Thanks for weighing in on this. As a baker I have no problem with gluten-free. As long as people are baking I’m happy — whatever it is! I’m also not claiming that celiac disease and related disorders aren’t real, as I said in the post. However I am most assuredly against the gluten free movement. “Movements” are the stuff of politics, popular culture and consumer behavior. Science is about hypothesis, evidence and proof. Medicine, about proper diagnosis and treatment. When science and medicine start taking on the characteristics of politics, culture and consumerism I become alarmed, as it means a lot of people are treating themselves for disorders they probably don’t have, to their financial, and possibly physical, detriment. As you’re a doctor I’m sure you and I are in agreement on that. If people suspect they have a problem they need to see a qualified physician about it and get real help, not jump aboard a bandwagon that may not offer them any actual relief. My point is nothing more than that.

      Thanks again for the comment! Cheers,

      – Joe

      1. thanks
        unfortunately, most of the ‘qualified physicians’ that you refer to remain unaware of the huge problem of “gluten-related disorders”. You will be aware that the majority of people with celiac disease (more than 75%) remain undiagnosed because of the reluctance of physicians to do the tests. The research knowledge of gluten-illness has out-stripped physician knowledge. Hence the need for community action. You call this a “movement” – I call it a food revolution. Check out for the research background to all of this.
        Thanks for listening – Cheers Dr Rodney Ford

        1. I believe you were the one who called it a movement first, Dr. Rodney! 😉

          And while I’ll stick with the advice of my physician, I will have a look at the link. Regarding the revolution only time will tell on that one. Two or three years from now (when my bet is that popular culture will have moved on to something else) we can get back together and compare notes!

          Cheers and thanks again for your comments!

          – Joe

  6. Food intolerance is not an exact science. There is no test to prove that one’s body is not processing wharever one’s body is not happy with unless it’s full on allergy. So the first thing they recommend is the process of food group elimination starting with diary and gluten. Thing is if you do have any food intolerance then those two eliminations are likely to help even if they are not the cause, mainly due to by the time your system is all messed up enough for you to notice then your system is likely to be sensitive to everything.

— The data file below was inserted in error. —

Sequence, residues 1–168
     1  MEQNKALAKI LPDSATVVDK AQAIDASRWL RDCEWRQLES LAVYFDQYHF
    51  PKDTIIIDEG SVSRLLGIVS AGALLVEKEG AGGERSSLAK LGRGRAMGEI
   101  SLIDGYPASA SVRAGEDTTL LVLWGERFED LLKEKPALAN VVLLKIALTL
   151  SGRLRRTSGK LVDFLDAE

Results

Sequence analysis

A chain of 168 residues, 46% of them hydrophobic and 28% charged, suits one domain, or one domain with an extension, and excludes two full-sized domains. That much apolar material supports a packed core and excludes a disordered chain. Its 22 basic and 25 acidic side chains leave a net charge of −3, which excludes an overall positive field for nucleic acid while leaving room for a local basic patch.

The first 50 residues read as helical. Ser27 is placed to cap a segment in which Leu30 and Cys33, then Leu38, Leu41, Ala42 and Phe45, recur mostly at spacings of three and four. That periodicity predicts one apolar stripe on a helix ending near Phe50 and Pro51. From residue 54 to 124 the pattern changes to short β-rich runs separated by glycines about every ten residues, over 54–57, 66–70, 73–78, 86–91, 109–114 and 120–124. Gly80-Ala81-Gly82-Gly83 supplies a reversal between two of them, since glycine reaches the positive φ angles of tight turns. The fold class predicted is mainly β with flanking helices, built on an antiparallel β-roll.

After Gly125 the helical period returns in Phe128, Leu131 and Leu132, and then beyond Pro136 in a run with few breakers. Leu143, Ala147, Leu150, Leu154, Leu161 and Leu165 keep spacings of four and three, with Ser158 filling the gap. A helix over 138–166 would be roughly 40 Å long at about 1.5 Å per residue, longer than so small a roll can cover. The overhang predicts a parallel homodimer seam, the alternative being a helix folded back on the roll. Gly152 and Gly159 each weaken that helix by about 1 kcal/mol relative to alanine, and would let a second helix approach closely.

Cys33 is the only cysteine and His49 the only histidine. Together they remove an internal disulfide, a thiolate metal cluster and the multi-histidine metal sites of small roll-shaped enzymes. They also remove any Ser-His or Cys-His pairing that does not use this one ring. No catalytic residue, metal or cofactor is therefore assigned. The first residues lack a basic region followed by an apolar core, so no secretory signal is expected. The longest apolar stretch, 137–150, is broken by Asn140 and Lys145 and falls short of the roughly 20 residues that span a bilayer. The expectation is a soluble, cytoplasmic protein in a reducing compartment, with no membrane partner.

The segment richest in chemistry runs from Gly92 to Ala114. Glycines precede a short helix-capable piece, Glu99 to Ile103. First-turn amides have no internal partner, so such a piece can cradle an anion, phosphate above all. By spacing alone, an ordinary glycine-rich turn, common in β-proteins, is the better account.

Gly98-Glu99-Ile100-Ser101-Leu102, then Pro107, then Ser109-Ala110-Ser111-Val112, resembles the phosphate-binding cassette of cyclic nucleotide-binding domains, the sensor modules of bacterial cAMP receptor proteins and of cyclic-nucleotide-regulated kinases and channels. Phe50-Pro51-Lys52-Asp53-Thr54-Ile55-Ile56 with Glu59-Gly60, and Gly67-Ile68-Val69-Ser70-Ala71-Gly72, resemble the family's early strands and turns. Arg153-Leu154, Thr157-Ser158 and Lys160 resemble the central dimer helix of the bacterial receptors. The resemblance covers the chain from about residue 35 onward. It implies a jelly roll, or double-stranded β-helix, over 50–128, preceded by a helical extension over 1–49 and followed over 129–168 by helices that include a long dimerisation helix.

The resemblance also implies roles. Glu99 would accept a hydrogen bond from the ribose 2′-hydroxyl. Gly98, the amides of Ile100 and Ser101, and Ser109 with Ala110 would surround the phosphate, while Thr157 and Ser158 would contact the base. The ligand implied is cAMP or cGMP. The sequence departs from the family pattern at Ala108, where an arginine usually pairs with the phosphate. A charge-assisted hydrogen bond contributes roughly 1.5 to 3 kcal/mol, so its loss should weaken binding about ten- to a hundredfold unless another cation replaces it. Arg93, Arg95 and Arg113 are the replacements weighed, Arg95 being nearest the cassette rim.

There are some recent researches on those with IBS got better on gluten free which then lead to the development of FODMAP diet. So may be we just need more specialists that can help people to identify their ailments rather than internet self diagnostic. Most general practitioners don’t even know who they can refer you to. There are only so many doctors you can see without coming across as a hypochondriac.

    1. Well said, Izzy.

      If someone has a real problem then they need treatment. If they have an allergy or digestive problem, diet can be a good place to start. I can’t think of anyone who would disagree with those statements. There are a lot of people out there who suffer from generalized symptoms that defy easy diagnosis and I think these are a lot of the people who, for very understandable reasons, get caught up with dietary fads in hopes of finding relief. Some probably find it. Most, I suspect, do not. That’s where I have a problem with these trends, as you get a lot of boosters who present them as cure-alls when in the end most of the people who join them end up disappointed, usually poorer, and possibly even less healthy than they were to begin with. Popular and/or consumer culture is no place to look for a solution to a real medical problem (the doctor’s office is).

      Thanks a lot for the comment, Izzy!

      – Joe

  7. It’s not just gluten, it’s grains.

    I really wish everyone would read “Wheat Belly” and understand the science behind “modern” wheat and its effects on us. I wrote a blog post about it if people are of a mind:

    I’ve largely cut grains out of my diet (and nixed a baking-business plan because I can’t willingly profit from something I believe to be bad for us) as has my mom. When she does eat wheat, what she originally thought was arthritis returns.

    It’s the cause of a lot of our ills. People don’t realize the effects it has on us because they’re so used to feeling the way they feel.

    1. That’s an opinion to which you are definitely entitled, Beth! I appreciate you weighing in on the subject.


      – Joe

      1. I used to think going gluten-free was a fad. Then last summer I tried an elimination diet — which is where you eliminate certain foods from your diet for a period of time and then gradually re-introduce them to see if they have an adverse effect on your body. I guess what convinced me is the other elements of the diet were pretty sensible: eat LOTS more vegetables, fruits, and nuts, and I could continue to eat all the meat I wanted. I eliminated sugar, caffeine, alcohol (which is also a sugar), dairy, and wheat. To my surprise, eliminating sugar caused my cravings for sweets to go completely away. But even more surprising was that eliminating wheat stopped my chronic joint pain. I was no longer stiff after sitting down for a spell. (Here I was thinking it was an inevitable result of aging!) Additionally, what I had always thought was an allergy that caused a constant runny nose and stuffed up sinuses, ended! Reintroducing wheat promptly brought these symptoms back again.